World History and the Meaning of Being Human: The Influence of Physical and Geographical Features – by Tessa Erickson-Thoemke. The North Star Reports: Global Citizenship and Digital Literacy, at NorthStarReports.org and facebook.com/NorthStarReports
In an ostensibly man-made world, natural structures of the earth have greatly influenced human settlements. Climate changes and availability of water were crucial determinants of ideal land to settle on. Thousands of years ago, humans searched for abundant land that was easy to farm and would be safe from drastic climate changes. Thus, pushing many to settle in areas often surrounded by water sources like rivers, oceans, lakes, or basins. Despite encountering adequate land, adjustments often needed to be made. Looking across history, we can examine where early humans settled and why they chose certain areas and then compare those civilizations to a modern city that is thriving today.
Mesopotamia, “the world’s first complex society”, was established within two major rivers: the Tigris and Euphrates Rivers. When uncontrolled, the water from the river was irregular and could ruin productive land: “annual floods and low-water seasons came at the wrong times in the farming sequence” (Tignor, 2018, p. 49). So, humans worked to create an ingenious irrigation system. This invention allowed the Mesopotamians to remain settled for a longer period of time as it provided rich soil and abundant, controlled water.
Inhabitants of the Ganges River valley also relied on a river to sustain their lifestyles. The indigenous people of this area had excellent “farming skills and knowledge of seasonal weather,” impressing even the violent Vedic people (p. 100). The Vedic people adopted their methods regarding successful land use, which shows that the indigenous people worked hard to make their civilization as productive as possible, much like the Mesopotamian did with their irrigation system. Both groups of people learned how to effectively utilize the land that they settled on.
A modern city that was also established along a river is St. Cloud, Minnesota. In fact, this city has the second-longest river flowing right through it: The Mississippi River. Once divided into three towns by deep ravines, St. Cloud became united in 1856 (“History of the City”, n.d.). Other resources, like the railroad and the granite quarry, attracted new settlers at the beginning, but the Mississippi River now serves multiple purposes for the city. According to Minnesota Nutrient Planning Portal, “St. Cloud is the first city along the Mississippi to obtain its drinking water from this resource” (“Mississippi River”, n.d.). The river is also used by power plants as a non-contract cooling water source. Best of all, it serves as a source of leisure: “a popular route for day-long canoe trips” and high quality fishing (“Mississippi River”, n.d.). Like the early civilization discussed prior, inhabitants of St. Cloud utilized this natural resource as well as they could. Even today, humans remain innovative when it comes to adapting the land they settled on.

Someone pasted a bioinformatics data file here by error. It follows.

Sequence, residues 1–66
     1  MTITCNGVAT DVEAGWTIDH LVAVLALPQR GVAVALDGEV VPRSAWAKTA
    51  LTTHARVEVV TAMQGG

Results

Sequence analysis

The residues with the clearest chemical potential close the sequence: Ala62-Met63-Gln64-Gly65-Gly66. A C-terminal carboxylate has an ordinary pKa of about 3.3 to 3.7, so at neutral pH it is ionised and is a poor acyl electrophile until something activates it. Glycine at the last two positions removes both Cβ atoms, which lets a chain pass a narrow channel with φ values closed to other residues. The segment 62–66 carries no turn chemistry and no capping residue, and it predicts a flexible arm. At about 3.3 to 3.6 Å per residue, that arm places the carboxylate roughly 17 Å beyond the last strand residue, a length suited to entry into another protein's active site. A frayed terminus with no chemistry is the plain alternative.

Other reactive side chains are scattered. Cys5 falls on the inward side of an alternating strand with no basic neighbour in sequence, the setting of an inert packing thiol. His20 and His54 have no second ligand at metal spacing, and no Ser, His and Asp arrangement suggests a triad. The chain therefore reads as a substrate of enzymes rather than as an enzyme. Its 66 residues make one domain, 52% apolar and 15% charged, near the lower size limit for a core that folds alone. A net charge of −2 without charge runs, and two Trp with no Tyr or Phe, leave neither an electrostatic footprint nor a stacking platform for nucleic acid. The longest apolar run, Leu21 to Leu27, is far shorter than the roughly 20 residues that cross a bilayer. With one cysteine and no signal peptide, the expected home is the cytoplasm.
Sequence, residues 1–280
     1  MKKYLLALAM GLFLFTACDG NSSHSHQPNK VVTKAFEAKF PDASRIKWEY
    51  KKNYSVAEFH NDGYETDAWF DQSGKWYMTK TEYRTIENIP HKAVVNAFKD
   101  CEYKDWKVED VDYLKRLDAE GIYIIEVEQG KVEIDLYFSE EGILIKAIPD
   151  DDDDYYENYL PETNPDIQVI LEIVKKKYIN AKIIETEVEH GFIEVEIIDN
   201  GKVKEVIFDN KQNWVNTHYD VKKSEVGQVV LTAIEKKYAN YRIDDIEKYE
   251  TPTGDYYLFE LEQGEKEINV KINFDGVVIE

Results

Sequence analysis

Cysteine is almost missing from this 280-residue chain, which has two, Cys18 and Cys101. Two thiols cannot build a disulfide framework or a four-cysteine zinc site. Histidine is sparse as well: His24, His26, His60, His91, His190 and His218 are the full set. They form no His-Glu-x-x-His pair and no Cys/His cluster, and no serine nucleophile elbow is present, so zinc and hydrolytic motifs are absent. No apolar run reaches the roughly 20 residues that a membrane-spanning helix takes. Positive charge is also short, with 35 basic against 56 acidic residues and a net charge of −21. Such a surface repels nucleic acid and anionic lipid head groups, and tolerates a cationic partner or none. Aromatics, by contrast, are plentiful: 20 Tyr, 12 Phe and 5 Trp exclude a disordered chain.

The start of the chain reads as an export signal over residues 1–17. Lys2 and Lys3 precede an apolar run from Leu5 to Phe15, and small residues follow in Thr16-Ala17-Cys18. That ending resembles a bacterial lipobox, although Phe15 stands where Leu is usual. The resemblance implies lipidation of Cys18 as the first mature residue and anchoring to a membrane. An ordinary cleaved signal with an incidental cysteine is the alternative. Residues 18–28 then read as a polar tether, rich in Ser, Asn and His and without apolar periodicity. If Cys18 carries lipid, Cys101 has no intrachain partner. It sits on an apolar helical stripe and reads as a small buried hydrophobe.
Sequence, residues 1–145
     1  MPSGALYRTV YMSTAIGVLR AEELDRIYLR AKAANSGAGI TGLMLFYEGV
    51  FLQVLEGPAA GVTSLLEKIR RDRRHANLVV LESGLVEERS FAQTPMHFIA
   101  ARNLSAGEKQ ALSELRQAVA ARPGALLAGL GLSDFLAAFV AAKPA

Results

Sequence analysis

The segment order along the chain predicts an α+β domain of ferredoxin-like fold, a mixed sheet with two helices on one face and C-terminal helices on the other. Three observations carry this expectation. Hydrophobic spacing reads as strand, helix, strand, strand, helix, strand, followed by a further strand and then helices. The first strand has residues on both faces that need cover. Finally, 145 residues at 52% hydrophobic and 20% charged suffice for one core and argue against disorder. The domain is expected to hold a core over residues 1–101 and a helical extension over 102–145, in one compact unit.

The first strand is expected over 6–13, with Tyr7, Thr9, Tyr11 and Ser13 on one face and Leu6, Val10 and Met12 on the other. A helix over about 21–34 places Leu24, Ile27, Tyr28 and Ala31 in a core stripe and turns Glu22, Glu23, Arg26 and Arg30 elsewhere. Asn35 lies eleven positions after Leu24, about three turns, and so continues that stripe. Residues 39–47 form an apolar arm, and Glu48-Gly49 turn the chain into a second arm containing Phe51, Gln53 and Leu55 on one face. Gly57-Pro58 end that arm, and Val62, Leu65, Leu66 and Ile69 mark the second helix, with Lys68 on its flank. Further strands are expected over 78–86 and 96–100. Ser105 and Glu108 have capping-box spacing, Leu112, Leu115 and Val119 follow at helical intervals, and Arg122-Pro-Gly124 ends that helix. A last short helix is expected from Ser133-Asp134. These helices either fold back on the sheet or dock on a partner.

When examining these civilizations and the physical geographic choices humans made, three specific priorities came to mind: sustainability, longevity, and productivity. Humans have a strong desire to sustain their lifestyles, which explains why they searched for certain land in certain climates. We like to be able to provide for ourselves, so settling on land that allowed farming and building of infrastructure was most logical. Non-nomadic humans also like to stay somewhere for a period of time. For most, constantly moving to new homes is unpleasant and exhausting; staying put in one place fosters stronger relationships and greater connections. Thus, profitable land in mild climate conditions allow humans to settle without a lot of concern. Finally, humans have a need to make things and make them well. As we see in all three of these civilizations, innovation is not uncommon. Whether it be an irrigation system, mastering the seasonal weather, or obtaining drinking water, humans have been able to and continue to use geographical attributes in resourceful ways.
From lessons of ancient history, we can learn to appreciate natural land attributes and to have respect for the resources they give to us. For thousands of years, geographical features, like rivers, have allowed humans to establish their settlements and thrive there. We must also recognize that these features should not be taken advantage of or overused. This happened in Mesopotamia when “the danger of planting every year” was unforeseen, “for by the third millennium the fertile soils had been destroyed” (p. 49). Recent climate change reports are also a cause for concern. Today’s settlers have taken the constancy of the climate for granted, so it is important for us to be aware of the potential changes approaching. Regardless of what happens, humans should be open to adaptability once again.
History of the city. (n.d.). Retrieved from http://mn-stcloud.civicplus.com/456/History-of-the-
Mississippi River – St. Cloud major watershed. (n.d.). Retrieved from
Tignor, R. L. (2018). Worlds together, worlds apart: A history of the world from the beginnings
of humankind to the present. (5th ed.) New York, NY: W. W. Norton & Company.
From Professor Liang’s Spring 2019 World History I [Online] class, Tessa is a Psychology student.
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